It was a quiet morning in the Writing Center. I stumbled in alongside my brother, my jacket still on. My nose and cheeks were still rosy from the brisk outdoors. Cool winter light filtered through the windows, brightening the faces of the interns. I sat at my table, preparing myself for the possible conferences ahead. I placed my pen by my right hand and my notebook by my left. Warm laughter and morning greetings echoed throughout the room.
“Anna.” called my brother, Will, from the other side of the room. He had set up his supplies at his desk and was turning over a small, gelatinous shape in his hands. I squinted, trying to figure out what it was. It reminded me of the brightly colored sticky hands that I had used to receive at carnivals or as small prizes in eclectic arcades. “Catch,” finished Will, tossing the shape to me in a sharp overhand. It stuck to my hand, and I unclasped my fingers to study it.
It was a small, sticky skeleton. Will had found him amongst his assorted bag of candy at his table. The skeleton was about an inch in length, and moldable beneath my soft touch. It was clear, and its skinny arms and legs were topped with balls for hands and feet.
“Carrington,” I exclaimed, “look at this!” Carrington leaned over to examine the small skeleton. He looked up at her. I was almost sure I could see a twinkle of mischief in his hollow, rubbery eye sockets.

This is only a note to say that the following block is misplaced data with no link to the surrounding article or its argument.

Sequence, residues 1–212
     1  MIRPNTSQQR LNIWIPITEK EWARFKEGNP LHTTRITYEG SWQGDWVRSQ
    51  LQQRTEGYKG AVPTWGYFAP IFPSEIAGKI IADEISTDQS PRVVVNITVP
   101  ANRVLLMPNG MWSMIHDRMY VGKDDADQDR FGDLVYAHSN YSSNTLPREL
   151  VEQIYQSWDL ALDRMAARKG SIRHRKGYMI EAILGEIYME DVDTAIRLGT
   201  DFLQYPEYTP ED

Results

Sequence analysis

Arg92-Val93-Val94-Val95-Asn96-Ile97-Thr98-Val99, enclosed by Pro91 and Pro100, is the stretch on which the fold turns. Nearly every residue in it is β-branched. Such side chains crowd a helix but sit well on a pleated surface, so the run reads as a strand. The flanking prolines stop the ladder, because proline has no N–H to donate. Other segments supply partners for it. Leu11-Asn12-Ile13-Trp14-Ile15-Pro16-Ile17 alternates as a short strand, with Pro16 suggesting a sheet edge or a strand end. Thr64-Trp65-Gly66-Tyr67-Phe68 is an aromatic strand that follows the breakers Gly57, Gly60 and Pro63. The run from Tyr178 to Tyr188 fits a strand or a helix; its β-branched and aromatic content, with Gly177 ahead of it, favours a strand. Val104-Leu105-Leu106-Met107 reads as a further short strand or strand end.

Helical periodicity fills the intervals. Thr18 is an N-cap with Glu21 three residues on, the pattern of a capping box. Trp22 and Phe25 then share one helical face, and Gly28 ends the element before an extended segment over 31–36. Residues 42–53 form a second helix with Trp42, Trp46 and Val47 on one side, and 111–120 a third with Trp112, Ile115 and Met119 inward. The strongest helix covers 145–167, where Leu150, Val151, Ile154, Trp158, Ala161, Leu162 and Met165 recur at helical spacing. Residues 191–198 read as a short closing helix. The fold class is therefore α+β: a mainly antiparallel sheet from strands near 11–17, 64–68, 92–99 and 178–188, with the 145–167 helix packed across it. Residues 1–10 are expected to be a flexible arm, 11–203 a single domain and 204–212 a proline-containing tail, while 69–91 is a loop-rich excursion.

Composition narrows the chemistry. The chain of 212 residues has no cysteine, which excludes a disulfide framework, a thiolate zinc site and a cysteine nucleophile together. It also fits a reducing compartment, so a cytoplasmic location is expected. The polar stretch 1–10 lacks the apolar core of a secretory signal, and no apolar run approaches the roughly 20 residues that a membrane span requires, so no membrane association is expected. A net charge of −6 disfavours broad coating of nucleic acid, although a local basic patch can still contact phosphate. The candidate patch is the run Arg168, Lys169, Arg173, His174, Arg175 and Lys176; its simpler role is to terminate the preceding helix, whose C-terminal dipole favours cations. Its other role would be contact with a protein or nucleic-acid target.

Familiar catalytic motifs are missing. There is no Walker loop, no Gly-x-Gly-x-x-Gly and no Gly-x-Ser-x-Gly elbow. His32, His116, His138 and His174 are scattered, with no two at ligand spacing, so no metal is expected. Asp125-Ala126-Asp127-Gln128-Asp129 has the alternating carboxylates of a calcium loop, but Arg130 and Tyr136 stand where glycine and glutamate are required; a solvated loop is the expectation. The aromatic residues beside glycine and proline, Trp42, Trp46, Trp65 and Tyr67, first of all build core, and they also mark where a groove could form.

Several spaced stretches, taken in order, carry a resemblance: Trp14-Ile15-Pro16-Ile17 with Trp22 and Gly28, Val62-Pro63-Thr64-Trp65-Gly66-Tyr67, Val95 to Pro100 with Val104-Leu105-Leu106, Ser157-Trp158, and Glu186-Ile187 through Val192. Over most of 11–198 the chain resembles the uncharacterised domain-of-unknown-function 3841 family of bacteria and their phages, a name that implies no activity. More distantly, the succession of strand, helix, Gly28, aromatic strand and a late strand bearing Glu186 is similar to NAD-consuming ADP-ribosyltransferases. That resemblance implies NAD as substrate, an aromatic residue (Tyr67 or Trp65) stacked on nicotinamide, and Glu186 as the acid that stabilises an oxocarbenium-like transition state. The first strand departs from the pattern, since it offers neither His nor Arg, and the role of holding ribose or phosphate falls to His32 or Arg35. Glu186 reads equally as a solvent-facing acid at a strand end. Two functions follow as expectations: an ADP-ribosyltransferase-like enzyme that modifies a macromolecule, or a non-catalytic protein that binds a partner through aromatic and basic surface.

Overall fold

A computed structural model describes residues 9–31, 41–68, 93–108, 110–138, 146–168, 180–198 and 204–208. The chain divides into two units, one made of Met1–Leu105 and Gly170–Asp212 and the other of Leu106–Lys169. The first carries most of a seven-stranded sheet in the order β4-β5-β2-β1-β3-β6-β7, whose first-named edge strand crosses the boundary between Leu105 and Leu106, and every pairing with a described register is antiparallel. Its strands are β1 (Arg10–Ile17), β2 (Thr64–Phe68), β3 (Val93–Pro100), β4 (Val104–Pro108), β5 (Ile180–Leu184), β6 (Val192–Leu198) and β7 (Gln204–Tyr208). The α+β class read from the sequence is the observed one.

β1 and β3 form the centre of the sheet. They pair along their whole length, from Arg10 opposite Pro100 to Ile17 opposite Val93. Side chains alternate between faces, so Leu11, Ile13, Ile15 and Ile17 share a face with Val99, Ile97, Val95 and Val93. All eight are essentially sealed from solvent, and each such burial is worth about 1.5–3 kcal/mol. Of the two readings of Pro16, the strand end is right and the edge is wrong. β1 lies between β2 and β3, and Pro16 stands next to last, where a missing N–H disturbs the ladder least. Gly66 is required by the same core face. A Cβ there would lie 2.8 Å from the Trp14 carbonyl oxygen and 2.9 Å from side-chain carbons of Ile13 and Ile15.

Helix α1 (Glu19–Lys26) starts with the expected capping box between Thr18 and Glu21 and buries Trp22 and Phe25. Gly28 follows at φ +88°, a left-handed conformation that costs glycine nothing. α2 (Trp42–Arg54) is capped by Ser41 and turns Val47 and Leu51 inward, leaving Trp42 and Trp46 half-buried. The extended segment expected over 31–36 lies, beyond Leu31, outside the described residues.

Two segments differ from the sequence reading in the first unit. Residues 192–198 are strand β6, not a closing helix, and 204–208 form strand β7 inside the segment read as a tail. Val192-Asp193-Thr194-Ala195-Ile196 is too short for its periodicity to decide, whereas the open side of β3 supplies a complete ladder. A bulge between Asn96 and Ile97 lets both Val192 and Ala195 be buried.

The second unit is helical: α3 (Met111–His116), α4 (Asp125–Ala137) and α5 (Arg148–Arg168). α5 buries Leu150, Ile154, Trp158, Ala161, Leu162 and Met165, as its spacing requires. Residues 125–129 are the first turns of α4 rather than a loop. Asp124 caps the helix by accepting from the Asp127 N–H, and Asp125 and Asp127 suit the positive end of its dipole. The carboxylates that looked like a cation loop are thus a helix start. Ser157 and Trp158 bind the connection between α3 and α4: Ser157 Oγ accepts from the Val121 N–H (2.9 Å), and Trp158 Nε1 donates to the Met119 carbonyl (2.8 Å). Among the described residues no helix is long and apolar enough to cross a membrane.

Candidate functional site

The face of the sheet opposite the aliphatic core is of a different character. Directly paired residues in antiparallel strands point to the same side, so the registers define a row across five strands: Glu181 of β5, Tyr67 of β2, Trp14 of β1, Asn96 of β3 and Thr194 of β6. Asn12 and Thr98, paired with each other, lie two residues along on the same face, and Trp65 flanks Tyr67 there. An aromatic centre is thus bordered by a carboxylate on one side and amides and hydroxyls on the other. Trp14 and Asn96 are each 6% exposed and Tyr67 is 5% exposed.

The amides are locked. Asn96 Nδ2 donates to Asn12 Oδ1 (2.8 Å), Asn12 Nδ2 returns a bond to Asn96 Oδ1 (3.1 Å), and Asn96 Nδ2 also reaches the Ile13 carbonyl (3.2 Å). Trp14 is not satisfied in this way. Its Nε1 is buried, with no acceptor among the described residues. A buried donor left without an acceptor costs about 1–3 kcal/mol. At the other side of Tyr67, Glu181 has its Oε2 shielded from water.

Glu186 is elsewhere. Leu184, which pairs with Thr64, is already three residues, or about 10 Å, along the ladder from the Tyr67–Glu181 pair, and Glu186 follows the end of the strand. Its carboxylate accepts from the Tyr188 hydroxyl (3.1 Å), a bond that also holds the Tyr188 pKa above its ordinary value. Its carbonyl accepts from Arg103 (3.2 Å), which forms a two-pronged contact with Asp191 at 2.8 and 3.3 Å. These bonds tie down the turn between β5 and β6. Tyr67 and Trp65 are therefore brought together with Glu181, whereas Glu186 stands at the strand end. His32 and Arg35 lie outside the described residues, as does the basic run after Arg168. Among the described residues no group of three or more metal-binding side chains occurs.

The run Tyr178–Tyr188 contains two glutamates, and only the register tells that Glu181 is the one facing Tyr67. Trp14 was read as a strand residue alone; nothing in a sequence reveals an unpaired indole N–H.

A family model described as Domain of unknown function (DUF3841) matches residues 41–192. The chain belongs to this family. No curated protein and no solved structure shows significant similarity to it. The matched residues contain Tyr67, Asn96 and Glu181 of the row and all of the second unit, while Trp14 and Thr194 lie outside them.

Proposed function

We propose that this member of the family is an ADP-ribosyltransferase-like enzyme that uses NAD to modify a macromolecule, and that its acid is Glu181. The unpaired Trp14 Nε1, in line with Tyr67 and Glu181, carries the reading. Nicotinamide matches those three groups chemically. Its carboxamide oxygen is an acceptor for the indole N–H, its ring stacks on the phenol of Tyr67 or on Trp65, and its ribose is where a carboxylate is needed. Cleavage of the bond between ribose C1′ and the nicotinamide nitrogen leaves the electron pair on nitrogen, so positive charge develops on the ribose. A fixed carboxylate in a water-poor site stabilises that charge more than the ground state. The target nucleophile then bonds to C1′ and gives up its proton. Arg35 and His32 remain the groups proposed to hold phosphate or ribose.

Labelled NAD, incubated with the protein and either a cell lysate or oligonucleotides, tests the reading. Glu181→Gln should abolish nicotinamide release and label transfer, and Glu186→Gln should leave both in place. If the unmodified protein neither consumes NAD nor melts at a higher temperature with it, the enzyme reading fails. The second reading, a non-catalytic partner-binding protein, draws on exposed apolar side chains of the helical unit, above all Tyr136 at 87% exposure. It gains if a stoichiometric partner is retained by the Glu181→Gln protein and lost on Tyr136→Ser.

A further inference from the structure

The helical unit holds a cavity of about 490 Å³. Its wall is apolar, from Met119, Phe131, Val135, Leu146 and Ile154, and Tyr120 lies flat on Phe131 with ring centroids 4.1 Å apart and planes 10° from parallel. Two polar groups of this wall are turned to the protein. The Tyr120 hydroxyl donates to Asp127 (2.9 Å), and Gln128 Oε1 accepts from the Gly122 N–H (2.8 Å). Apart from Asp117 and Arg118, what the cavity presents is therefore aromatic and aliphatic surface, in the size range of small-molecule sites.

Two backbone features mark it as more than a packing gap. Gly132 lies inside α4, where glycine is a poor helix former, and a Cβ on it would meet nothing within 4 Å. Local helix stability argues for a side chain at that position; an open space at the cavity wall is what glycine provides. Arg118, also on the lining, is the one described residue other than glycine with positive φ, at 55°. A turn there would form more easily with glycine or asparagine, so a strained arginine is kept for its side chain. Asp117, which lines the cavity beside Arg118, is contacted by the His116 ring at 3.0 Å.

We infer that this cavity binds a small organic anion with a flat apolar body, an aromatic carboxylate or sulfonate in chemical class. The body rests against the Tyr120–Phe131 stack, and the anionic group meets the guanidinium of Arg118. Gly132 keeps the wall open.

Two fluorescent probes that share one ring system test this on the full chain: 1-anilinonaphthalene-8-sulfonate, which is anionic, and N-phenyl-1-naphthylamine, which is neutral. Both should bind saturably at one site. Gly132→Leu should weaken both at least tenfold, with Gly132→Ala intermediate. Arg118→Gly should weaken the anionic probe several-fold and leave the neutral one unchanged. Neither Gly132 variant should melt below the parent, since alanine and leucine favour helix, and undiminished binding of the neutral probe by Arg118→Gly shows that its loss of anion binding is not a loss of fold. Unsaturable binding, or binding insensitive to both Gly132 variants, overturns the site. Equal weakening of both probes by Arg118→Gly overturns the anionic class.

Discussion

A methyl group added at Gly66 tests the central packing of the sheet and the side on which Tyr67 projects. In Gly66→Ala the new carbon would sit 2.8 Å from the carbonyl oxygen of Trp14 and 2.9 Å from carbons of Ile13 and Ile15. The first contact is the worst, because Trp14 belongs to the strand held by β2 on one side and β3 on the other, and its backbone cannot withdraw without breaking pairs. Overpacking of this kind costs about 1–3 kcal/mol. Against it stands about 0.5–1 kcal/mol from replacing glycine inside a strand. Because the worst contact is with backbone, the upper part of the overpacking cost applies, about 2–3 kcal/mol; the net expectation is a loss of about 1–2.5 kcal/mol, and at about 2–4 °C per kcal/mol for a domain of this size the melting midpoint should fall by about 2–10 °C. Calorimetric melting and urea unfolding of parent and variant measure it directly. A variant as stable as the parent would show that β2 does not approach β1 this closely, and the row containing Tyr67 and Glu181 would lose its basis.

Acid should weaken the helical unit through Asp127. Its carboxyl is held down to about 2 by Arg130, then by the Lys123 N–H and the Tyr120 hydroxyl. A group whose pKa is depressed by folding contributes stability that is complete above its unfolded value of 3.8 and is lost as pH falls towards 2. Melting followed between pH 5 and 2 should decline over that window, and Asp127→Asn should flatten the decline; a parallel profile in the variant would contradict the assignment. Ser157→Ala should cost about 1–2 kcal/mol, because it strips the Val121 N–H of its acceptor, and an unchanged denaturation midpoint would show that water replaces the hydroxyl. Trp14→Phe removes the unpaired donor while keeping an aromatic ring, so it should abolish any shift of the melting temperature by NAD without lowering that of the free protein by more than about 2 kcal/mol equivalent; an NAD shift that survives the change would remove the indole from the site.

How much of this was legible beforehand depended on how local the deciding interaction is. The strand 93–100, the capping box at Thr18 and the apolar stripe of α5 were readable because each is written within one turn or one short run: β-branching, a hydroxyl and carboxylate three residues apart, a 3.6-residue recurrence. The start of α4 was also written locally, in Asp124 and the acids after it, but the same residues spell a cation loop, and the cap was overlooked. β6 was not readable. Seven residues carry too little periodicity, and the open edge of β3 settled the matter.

“He’s very cute,” Carrington said, smiling down at the small skeleton. I vehemently agreed. The skeleton had some indescribable quality, some hidden magic beneath its stick surface. We named him Timmy, and dotingly allowed him to stick himself to any surface he so pleased. We passed him between tables. Timmy stuck to Carrington’s travel mug, and slid down, doing awkward flips as he fell. I’m sure Timmy must have gotten tired from all of the socialization, but his bony smile never faltered.
Timmy, our sweet skeleton son, quickly became dirty. We cared for him, peeling dust and other loose substances from between his ribs. Timmy glowed in the dark. We turned off all of the lights and passed around the glowing skeleton. We were so proud of our little boy.
When we left the Writing Center that morning, we left Timmy behind. He sat in the utensil cup, lonely amongst the unmoving pens and pencils. He stayed there, waiting until night fell in the school. I imagine he climbed from the jar and scurried up the walls, sticking himself to the windows. Yet, in the morning he was where we left him. Who’s to say what Timmy does at night? It is impossible to know. He is the skeleton of the Writing Center, the spirit behind every conference that occurs. Timmy is always watching.